How long does it take for Mars to rotate on its axis? What is the period of the Earth? The Moon?
A "period" usually means the amount of time it takes to do something. Since the planets and moons in our solar system all move in at least two different ways, a "period" could mean a couple of different things.
First, all the objects in our solar system spin on an axis. Just think of a top, or record, or wheel. All these things spin around a center point which we call an "axis". This type of motion is called "rotation", so the amount of time it takes an object to rotate is called a "rotational period". It takes the Earth 23 hours, 56 minutes to rotate on its axis. We call the rotational period of Earth a "day". Mars takes just a little longer to rotate, at 24 hours, 37 minutes. The Moon is much slower than either Earth or Mars. It takes over 655 hours for the Moon to turn just once on its axis--that's more than 27 days!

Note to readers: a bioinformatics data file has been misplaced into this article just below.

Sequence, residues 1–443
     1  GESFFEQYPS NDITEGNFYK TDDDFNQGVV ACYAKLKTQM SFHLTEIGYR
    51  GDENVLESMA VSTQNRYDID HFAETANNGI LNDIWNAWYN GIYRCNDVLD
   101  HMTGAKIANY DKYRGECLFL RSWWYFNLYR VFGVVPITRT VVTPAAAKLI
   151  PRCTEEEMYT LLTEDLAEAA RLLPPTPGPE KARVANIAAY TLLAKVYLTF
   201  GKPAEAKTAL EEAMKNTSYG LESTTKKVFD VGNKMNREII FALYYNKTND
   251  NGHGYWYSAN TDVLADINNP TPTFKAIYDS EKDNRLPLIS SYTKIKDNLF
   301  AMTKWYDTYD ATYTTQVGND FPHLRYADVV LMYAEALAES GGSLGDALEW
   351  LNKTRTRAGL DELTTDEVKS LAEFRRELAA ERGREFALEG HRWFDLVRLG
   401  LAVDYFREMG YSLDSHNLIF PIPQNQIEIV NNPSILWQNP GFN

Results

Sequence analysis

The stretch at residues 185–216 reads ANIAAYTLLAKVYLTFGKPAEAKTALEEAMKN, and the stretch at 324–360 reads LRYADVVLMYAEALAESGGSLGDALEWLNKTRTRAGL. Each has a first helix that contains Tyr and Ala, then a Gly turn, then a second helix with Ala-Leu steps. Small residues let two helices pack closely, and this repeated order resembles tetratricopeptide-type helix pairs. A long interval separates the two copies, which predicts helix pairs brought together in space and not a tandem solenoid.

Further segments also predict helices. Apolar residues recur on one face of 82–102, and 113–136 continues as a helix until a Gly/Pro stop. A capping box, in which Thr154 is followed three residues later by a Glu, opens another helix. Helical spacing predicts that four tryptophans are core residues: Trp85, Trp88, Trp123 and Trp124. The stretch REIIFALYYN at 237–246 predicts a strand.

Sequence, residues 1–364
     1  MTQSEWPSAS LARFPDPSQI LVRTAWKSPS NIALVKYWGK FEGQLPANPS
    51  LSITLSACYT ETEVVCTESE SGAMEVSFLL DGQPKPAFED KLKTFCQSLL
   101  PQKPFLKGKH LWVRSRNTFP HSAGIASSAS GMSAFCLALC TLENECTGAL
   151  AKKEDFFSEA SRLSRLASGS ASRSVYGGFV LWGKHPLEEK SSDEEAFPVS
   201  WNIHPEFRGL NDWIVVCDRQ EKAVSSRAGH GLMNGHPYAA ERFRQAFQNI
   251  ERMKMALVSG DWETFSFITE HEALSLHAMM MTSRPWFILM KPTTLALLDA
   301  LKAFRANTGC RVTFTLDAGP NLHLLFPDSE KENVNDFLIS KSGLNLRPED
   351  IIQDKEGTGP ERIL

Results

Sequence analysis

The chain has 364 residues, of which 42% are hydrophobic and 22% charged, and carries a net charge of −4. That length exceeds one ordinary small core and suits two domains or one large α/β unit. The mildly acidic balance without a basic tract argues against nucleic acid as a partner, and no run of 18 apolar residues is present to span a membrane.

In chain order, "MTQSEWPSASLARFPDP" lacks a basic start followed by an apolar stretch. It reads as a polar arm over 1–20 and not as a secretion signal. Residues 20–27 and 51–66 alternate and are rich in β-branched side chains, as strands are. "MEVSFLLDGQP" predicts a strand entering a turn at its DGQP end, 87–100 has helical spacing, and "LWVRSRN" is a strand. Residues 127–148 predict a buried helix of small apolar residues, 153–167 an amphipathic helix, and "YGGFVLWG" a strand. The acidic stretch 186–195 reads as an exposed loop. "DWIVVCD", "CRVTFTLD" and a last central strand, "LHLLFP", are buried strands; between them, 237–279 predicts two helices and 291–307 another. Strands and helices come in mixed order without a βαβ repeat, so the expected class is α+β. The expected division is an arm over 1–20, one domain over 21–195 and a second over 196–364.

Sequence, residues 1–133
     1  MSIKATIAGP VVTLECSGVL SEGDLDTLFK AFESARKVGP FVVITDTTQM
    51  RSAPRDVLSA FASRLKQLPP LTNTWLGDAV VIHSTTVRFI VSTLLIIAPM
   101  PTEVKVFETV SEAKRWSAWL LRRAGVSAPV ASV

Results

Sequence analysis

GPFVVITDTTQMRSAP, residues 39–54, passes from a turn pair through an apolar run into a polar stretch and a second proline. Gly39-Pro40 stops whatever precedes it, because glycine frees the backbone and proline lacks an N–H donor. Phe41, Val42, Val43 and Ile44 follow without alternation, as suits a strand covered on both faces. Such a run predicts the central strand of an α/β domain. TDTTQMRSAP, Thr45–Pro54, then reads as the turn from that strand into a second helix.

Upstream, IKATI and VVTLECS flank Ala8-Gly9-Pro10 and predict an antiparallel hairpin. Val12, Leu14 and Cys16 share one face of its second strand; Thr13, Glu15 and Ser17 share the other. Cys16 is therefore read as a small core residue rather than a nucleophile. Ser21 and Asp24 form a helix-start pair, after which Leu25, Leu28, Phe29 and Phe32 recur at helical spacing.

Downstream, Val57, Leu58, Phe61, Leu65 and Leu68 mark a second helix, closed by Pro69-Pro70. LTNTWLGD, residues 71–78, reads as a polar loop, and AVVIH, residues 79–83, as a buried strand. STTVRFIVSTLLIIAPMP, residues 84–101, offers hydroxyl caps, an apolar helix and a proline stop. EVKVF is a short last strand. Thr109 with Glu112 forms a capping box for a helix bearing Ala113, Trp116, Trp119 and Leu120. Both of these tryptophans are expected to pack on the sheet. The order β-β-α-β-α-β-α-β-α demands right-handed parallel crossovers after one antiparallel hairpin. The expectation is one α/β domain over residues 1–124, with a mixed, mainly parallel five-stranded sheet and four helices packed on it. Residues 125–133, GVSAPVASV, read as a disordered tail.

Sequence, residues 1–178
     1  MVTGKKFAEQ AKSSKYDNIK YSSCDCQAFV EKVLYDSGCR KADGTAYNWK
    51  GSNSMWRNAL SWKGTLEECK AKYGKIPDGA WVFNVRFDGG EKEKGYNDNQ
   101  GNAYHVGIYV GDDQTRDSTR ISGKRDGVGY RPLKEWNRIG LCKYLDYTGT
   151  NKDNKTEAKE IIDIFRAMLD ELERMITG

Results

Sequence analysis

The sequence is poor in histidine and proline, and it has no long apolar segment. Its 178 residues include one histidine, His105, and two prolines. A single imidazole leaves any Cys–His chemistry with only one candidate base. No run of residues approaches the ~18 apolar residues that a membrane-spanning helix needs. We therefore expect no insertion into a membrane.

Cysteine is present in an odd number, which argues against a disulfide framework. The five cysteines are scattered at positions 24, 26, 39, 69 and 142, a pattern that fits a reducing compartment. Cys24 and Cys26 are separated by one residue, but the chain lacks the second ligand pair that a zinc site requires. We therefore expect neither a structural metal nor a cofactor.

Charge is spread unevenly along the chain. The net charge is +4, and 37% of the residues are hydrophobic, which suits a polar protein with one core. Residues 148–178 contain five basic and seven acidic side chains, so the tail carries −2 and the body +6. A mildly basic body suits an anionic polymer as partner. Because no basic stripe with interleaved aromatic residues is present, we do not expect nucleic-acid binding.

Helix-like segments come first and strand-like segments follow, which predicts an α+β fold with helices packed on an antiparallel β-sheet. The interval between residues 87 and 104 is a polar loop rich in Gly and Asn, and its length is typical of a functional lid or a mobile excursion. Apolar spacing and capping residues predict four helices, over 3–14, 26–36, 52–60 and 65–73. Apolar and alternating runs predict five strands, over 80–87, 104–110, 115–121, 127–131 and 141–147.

Second, all the planets and moons in our solar system also move around other things. This type of movement is called "orbit". Planets orbit the Sun while moons orbit around planets. The amount of time it takes to complete one orbit is called an "orbital period". On Earth, we call our orbital period a "year". It takes just over 365 days for the Earth to orbit the Sun. On Mars, it takes more than 687 days to orbit the Sun--that's almost twice as long to wait between birthdays!
The Moon's orbit centers around the Earth, rather than the Sun. It takes
a little more than 27 days (about 656 hours) for the Moon to orbit the
Earth. If that number looks familiar, it's because
the orbital period of the Moon is exactly the same as its rotational
period. This is the reason we can never see the far side of the Moon from Earth--it's always
facing away from us.
Submitted by Elizabeth (West Virginia, USA)
(October 15, 1997)